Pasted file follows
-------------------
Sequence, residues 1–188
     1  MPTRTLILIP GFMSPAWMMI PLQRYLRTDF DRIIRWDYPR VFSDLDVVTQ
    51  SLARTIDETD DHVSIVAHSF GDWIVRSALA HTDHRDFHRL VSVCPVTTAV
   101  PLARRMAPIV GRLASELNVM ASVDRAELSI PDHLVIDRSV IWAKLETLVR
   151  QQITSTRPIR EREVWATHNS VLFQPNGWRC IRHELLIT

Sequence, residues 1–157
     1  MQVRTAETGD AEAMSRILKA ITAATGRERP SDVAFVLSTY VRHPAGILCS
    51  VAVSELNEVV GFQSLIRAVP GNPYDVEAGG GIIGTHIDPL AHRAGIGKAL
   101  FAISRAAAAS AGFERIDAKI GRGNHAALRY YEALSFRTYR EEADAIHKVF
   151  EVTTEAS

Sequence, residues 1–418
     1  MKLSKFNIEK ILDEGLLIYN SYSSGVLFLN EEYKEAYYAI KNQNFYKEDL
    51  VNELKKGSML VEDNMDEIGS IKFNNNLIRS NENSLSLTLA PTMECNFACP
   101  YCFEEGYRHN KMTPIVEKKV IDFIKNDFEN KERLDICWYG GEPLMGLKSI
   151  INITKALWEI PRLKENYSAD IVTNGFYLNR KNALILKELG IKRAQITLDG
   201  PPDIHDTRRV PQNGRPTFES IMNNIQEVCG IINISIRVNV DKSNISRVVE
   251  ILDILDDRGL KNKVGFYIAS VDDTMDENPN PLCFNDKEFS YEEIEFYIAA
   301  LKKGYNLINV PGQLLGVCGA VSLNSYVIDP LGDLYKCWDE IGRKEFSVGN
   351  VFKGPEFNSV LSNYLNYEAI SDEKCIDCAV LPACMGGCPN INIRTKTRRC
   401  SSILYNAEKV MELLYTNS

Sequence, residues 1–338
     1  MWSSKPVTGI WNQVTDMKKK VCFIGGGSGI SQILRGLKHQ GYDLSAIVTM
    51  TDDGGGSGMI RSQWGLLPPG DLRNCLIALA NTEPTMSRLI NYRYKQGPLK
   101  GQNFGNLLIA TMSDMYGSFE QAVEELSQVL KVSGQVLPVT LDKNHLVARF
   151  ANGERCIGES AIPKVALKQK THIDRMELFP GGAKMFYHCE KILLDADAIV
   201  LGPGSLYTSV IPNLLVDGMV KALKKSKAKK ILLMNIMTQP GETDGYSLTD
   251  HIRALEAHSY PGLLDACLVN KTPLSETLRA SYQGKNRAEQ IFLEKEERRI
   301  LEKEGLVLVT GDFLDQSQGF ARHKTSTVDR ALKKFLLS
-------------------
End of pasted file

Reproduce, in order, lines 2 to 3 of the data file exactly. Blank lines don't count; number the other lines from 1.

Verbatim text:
     1  MPTRTLILIP GFMSPAWMMI PLQRYLRTDF DRIIRWDYPR VFSDLDVVTQ
    51  SLARTIDETD DHVSIVAHSF GDWIVRSALA HTDHRDFHRL VSVCPVTTAV